At various points in time, I have tried out various palmtop computers; none have so far proven to be as versatile as pencil and paper. The major problems tend to be:
Keyboards that are too small for adult fingers are not convenient;
Screens too small to contain significant amounts of information are not convenient;
Pen and paper represents a data representation method of almost infinite flexibility; computerized PDAs require more rigid data representations that typically cripples their utility.
There are lots of nifty desktop-computer-based scheduling packages with a plethora of features. They conquer the limitations of the palmtops, unfortunately, they all have the crippling deficiency that they can't remind you anything when you're not at your computer.
I used to use a Franklin Dayplanner. Rather than using the "phone book" that they provide, I periodically print up pages typeset using a document class called addressbk.cls that I wrote up some years ago for LaTeX. I keep a (periodically synchronized-between-home-and work) information list in LaTeX form online, and gradually mark it up with changes. It's not a perfect method, but it has worked fairly well.
March 20, 1997
Built structure for l2v program to extract vCards from LaTeX document using addressbk.cls.
March 25, 1997
Wrote team2vcf to convert Lotus Notes export of team list into a vCard file.
March 25, 1997
l2v produces very nearly correct results; requires only minor filtering code to take out backslashes where (for TeX) special characters required backslashes.
March 26, 1997
Fixed handling of Doctors and Professors and married people; changed the name to latex2vcf.
March 27, 1997
There's a bug again with married folk. It now looks up time zone and latitude/longitude based on reasonable guesses of one's city based on address, telephone number area codes, and company names, which is quite cool. The list of cities is pretty limited, but I don't know people in that many cities...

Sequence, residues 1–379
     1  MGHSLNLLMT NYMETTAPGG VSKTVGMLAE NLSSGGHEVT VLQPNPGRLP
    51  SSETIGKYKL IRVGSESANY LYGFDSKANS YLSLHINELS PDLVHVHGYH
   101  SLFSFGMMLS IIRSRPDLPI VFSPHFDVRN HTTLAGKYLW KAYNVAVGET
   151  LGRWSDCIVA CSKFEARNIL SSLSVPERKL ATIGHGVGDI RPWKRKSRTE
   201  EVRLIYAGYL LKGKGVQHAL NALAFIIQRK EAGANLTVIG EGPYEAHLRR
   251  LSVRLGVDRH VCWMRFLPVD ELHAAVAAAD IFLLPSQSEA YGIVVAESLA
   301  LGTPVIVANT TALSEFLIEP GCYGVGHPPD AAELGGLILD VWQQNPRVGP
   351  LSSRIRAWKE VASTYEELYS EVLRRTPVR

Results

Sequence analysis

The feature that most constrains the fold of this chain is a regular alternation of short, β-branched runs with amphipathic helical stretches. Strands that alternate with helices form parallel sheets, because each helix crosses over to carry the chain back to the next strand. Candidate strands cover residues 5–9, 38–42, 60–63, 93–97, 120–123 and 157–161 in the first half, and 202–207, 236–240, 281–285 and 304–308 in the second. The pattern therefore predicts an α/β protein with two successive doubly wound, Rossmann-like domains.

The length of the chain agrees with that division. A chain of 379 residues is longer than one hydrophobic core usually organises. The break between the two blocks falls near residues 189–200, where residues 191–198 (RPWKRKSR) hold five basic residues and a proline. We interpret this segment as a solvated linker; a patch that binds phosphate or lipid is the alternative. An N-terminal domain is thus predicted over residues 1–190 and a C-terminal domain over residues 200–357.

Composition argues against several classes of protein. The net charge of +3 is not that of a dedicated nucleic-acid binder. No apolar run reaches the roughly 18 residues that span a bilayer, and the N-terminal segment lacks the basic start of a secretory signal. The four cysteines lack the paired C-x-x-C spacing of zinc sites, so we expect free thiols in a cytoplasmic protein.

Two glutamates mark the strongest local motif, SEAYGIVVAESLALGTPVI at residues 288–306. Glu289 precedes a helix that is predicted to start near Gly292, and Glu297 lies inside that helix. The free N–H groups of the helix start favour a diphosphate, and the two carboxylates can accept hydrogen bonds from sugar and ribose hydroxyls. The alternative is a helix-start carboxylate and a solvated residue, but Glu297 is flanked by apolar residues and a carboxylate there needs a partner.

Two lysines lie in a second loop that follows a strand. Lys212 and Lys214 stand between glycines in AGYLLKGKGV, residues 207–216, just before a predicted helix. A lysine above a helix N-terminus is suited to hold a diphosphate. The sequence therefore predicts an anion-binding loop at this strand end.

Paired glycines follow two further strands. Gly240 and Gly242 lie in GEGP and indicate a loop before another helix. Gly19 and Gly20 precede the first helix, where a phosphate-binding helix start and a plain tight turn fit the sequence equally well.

vCard (RFC 6350), vCalendar (Scheduler protocol) These protocols have been standardized through the IETF as protocols for general Internet use for exchange of personal data and personal scheduling data.
A tip of the hat to my brother, Dave, this lists various material about Windows CE. I'm not a fan of Microsoft (nor is he, particularly); if you're into that sort of thing, you might want to visit his site,
This is a rather sophisticated time management package that runs under MS-Windows, and functioned reasonably well under WINE as of October 1997. Offers nice features for juggling tasks into a feasible schedule. Of any desktop-based package, I think I like this one the best.
If it could read and write vSchedule information, thus making it interoperable with other software (generally speaking), it would be even better. It would be similarly superior if it could talk to PDAs like the 3Com Pilot
The classic source of personal scheduling systems.
CAL63 for Atari ST
This package has an exemplary user interface for describing event repetition. The author disclosed the data structures so that one could write one's own programs to manipulate events.
A tool that monitors what you are typing, and uses Beagle to search your documents for others that may be related
A diary system implemented using Mono